The most stunning thing about the Great Ice Cream War between Ben & Jerry's and Israel is the explosive Israeli reaction.
The ice cream maker, famous for social consciousness and iconic flavors like Chubby Hubby, announced last week it was ending sales in "Occupied Palestinian Territory," meaning Jewish settlements in the West Bank and East Jerusalem. But the announcement stipulated it would still sell ice cream inside Israel (meaning within the pre-1967 borders before Israel captured the West Bank and Gaza in the Six-Day War).
Yet the level of outrage from Israel's leaders, across the political spectrum — and from many U.S. politicians and Jewish organizations — seemed more appropriate for Iran's ayatollahs than the maker of frozen treats. "A new form of terrorism," charged Israel's president, Isaac Herzog, a former chairman of the left-leaning Labor Party. A "shameful surrender to antisemitism," tweeted centrist Foreign Minister Yair Lapid. An "anti-Israel ice cream," stated Prime Minister Naftali Bennett.
But Ben & Jerry's wasn't calling for a boycott of Israel proper. It was focused on Jewish settlements in the mostly Palestinian West Bank, which the U.S. State Department regards as "occupied" territory. U.S. policy for decades, before the Trump administration, sought to curb growth of settlements lest they rule out any future political accord between Israel and the Palestinians.
So why is the Ben & Jerry boycott inspiring such rage?
Critics have linked it to the Palestinian-led Boycott, Divestment and Sanctions (BDS) movement, which calls for countries, businesses and universities to sever all ties with Israel, unless it withdraws from all land captured in 1967. The movement is based on the boycott of South Africa under apartheid. But its demands, if fulfilled, would rule out a Jewish homeland.
However, the controversial ice cream freeze is not currently tied to BDS or to sales within Israel (although there is some discord between Ben & Jerry's independent board and its parent company, Unilever, over future developments).
The furious reaction to the current boycott only gives free publicity to the BDS movement, and allows it to claim an unearned victory.
So, again, why all the sound and fury over denying Cherry Garcia to settlers, coming even from Israeli politicians who have decried the expansion of settlements? In part, the answer is emotional, the memory of past boycotts of Jews, in Europe and by Arabs, that led to wars and death. But those days are long gone, as Israel's economic stature grows exponentially and key Arab states make peace.
In part the angst stems from fear that the Ben & Jerry move marks the beginning of a slippery slope, a prelude to adoption by major international companies of the BDS call to boycott Israel entirely because it maintains an apartheid system over Palestinians.
Yet, by insisting that a boycott of West Bank settlements is the same as one of Israel — in other words that settlements are an official part of Israel — Israeli officials only strengthen the BDS line.
West Bank settlements have not yet been formally annexed to Israel (although former Prime Minister Benjamin Netanyahu was willing). However, the continued expansion of Jewish settlements and special settler roads on the West Bank leaves the Palestinians divided into unconnected chunks of territory that make any future Palestinian statelet unviable.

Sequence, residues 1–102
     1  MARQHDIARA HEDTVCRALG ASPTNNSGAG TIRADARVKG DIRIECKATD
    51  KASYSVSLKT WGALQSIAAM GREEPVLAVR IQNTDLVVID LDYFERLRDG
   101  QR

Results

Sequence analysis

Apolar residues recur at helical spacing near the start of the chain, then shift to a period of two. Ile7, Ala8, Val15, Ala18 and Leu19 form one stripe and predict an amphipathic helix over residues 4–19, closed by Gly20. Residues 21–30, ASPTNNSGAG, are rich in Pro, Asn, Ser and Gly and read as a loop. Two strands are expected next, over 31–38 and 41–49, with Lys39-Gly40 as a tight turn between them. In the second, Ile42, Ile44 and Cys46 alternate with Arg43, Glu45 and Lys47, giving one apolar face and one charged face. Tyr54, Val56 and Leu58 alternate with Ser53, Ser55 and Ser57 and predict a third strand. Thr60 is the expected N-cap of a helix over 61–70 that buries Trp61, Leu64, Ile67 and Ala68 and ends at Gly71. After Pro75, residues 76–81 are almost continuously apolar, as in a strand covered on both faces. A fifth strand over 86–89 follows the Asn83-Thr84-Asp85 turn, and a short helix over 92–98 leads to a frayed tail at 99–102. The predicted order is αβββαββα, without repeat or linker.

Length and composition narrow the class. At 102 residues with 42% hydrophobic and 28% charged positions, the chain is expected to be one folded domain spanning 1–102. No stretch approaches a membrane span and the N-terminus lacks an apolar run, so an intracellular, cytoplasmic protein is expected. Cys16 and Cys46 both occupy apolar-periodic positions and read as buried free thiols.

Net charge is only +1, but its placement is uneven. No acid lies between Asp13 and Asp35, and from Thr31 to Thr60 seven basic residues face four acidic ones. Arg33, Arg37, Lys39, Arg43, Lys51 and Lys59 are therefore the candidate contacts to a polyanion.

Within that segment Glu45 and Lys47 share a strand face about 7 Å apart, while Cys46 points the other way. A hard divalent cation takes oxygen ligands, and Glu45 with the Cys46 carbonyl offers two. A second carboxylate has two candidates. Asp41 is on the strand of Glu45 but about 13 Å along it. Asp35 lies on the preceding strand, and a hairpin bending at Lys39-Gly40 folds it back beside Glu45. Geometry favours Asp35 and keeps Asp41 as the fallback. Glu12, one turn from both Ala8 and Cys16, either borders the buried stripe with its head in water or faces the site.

Meantime, the settlers enjoy economic, civic and legal rights denied to Palestinians.
By equating West Bank settlers with citizens in Tel Aviv, the Israeli attack on Ben & Jerry's effectively concedes there is only one Israeli state between the Jordan River and the Mediterranean. This brings international attention back to BDS demands for rights for disenfranchised West Bank Palestinians in such a binational state.
In effect, the Ben & Jerry boycott is a reminder that the Palestinian issue won't disappear, despite the fact it is mostly off the global agenda. Israel can't ignore the political status of the Palestinian population in the West Bank, East Jerusalem, Gaza and inside Israel proper, whose numbers now equal the population of Jews.
True, it is almost impossible to envision any peace negotiations in the foreseeable future. For one thing, the Palestinian leadership in the West Bank is near collapse, and Gaza is controlled by Hamas, which doesn't recognize Israel. For another, while many Sunni Arab countries have recognized Israel, Iran and its proxies in Lebanon and Syria still present a serious threat.
However, those facts do not disguise the reality that Ben & Jerry's ice cream war lays bare.
If Israel treats West Bank settlers as part of the Jewish state, then it must confront the question of Palestinian rights within a "one-state reality." Unless it distinguishes between the West Bank and Israel proper, and regenerates some kind of Israel-Palestinian negotiations, it will encourage the claim it is an apartheid state.
This is fact, whether fair or unfair.
As Alon Pinkas writes in Ha'aretz: "Ironically, it may be the decision by Ben & Jerry's that ultimately proves to Israel that, as the cliché goes, 'denial is not just a river in Egypt,' and the Palestinian situation needs to be dealt with one way or another."
That's something for U.S. supporters of Israel to consider before they rule out buying another Chunky Monkey cone.
Trudy Rubin is a columnist and Editorial Board member for the the Philadelphia Inquirer. Readers may write to her at: Philadelphia Inquirer, P.O. Box 8263, Philadelphia, Pa. 19101, or by e-mail at email@example.com.